We also do a process called query salting, which is secure and safe, for us and the clients. It’s really the ability to make searches in both the Open and the Dark Web that masks the real intent of the search so that criminals or hackers don’t really know what you’re searching for. And we do seven or eight query salting exercises like that, which only make sense if seen in whole. Then we bring that information back, and we have a variable to create a relativity and frequency and relevancy about the match. We look for a 90% accuracy of the match, so that we know that your document has been taken and used or sold on the web.
LEI: How do you work with a firm that has not yet had a breach? Are there ways to keep the worst scenario from happening?
Borgwing: It’s really about knowing your data. Our mantra is: Know your data, know your risk, and reduce the impact. If you know what your risk tolerance is, and you know what is important to your company, then you can create protocols around that. And if you continuously monitor where your critical data is, you can reduce the impact of any hacker attack.
Nobody wants to air more dirty laundry than they have to. And this is something their attorneys should be telling them. If you don’t want your laundry aired, you should be looking at your exposure on an ongoing basis. The information that’s out there is not going to change. People are always going to be trying to expose your data. How can we stop the exposure?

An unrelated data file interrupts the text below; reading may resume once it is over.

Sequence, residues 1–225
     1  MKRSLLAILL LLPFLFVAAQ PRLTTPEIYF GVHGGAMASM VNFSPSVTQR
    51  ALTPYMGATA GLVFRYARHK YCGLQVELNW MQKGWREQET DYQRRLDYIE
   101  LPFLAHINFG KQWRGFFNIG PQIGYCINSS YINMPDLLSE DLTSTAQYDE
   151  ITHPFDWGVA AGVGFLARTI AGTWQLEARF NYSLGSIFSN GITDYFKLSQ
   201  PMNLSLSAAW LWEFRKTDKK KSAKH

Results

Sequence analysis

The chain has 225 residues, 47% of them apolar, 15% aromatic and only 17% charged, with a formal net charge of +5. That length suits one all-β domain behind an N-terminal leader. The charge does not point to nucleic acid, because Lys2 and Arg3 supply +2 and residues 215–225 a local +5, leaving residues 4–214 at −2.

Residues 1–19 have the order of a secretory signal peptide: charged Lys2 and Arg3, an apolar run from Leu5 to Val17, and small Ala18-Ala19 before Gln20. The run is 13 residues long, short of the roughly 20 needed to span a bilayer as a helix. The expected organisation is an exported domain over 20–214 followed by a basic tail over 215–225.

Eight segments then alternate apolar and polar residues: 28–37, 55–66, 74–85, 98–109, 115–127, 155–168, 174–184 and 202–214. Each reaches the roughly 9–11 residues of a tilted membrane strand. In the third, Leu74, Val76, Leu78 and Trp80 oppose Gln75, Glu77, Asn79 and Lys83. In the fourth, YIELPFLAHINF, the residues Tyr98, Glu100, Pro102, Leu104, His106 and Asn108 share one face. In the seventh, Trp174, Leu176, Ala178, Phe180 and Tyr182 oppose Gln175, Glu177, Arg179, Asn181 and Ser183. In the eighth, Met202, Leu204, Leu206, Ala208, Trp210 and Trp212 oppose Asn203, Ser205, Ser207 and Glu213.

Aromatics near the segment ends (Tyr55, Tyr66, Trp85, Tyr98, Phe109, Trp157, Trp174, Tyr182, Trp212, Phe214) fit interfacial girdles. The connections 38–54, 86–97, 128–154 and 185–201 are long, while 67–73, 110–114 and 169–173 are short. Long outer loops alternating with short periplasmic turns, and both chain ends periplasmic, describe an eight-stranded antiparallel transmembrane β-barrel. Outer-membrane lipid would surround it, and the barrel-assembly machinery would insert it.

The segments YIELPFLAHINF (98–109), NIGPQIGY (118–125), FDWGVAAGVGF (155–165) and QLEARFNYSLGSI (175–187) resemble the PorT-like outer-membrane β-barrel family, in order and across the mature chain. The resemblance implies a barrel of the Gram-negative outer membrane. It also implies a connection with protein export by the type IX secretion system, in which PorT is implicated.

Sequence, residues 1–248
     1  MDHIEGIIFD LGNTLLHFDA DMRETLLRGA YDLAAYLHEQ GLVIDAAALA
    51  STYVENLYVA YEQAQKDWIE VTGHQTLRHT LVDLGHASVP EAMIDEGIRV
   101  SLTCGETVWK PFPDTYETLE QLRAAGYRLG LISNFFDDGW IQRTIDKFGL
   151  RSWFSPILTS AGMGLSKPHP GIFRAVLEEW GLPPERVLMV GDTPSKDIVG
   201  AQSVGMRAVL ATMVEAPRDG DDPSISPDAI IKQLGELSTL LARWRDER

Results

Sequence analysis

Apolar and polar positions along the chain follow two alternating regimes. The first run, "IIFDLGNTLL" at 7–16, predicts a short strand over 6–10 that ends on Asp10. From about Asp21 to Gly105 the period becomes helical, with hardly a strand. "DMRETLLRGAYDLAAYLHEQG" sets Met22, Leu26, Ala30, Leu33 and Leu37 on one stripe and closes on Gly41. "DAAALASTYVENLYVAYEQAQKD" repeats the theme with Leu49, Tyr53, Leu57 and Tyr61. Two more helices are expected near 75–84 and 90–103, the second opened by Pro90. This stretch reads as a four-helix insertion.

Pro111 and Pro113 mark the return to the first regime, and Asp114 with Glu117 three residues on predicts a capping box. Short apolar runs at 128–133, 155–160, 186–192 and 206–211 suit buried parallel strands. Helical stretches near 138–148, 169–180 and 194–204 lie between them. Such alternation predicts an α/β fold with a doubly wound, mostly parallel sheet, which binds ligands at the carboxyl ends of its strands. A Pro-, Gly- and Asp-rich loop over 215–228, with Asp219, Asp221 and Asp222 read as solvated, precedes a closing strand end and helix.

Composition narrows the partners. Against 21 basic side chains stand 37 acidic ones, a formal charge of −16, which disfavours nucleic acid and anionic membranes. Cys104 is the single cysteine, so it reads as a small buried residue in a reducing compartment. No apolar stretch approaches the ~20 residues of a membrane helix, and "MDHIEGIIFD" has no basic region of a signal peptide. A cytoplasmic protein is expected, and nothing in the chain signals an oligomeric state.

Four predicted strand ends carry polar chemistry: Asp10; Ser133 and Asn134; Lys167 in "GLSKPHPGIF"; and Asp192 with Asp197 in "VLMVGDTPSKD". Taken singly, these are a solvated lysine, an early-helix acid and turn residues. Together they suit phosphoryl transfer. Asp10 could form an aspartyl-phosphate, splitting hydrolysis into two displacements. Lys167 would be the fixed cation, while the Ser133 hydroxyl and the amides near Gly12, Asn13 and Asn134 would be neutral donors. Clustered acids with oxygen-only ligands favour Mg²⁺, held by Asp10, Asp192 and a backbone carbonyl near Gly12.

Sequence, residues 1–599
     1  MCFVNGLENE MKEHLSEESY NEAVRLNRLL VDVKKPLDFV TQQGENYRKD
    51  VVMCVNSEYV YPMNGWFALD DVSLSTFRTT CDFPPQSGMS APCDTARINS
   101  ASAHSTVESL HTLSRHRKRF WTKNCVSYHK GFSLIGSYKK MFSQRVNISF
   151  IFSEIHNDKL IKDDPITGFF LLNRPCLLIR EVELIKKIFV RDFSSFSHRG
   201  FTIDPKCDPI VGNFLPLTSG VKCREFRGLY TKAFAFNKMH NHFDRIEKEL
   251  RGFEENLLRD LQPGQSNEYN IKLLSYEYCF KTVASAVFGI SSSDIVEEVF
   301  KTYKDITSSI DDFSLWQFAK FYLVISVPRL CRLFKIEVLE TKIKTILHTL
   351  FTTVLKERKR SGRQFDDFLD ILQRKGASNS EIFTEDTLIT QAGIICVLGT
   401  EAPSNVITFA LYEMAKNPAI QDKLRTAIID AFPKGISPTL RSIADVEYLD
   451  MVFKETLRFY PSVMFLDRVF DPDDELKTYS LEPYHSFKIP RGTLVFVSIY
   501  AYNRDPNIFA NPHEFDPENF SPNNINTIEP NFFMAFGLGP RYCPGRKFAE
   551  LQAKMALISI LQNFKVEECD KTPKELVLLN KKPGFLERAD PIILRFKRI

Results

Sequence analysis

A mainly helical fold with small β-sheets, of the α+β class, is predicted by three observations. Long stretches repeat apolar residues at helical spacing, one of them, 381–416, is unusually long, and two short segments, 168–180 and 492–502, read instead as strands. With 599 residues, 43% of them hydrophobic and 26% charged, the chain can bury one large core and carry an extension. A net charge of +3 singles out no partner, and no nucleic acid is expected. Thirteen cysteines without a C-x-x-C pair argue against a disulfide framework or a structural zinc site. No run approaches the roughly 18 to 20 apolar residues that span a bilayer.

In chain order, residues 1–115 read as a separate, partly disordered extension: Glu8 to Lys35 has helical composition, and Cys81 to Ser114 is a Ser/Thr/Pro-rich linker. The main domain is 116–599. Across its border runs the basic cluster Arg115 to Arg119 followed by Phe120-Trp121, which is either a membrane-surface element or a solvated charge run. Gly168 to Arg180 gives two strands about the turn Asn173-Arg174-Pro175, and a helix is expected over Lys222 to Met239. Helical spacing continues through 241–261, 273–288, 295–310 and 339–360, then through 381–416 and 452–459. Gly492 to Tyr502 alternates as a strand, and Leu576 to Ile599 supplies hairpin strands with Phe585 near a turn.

There’s a realization in cybersecurity now that exposure isn’t going to stop, and that’s why we have to know what clients want to protect the most.
LEI: What do you think is the biggest problem that corporations and law firms have in terms of maintaining and continuously monitoring data security? Is it cost fears? Or an overwhelming sense of not understanding cybersecurity and how to address it?
Borgwing: Think about quantifying the cost of the security a company does have in place. How many more tools does the company need to buy? And what return on investment will it get by buying more tools? There are always going to be more and more security tools coming out. So what happens is the company puts together a data loss prevention system that will have a lot of gaps in it because it’s not an airtight system.
But now there’s a shift going on in the industry and people are realizing that this approach isn’t going to make it. They want to change and look at data analytics. They want to know: How can I take in more data and analyze what’s going on in my environment so I can better utilize the security that I currently have? This is where operational risk meets security.
I think security, as we think of it today, is going to go away. It’s going to become part of the enterprise. People have to be accountable at the board level on down, and to do that you have to bring security completely into the operational risk management platform.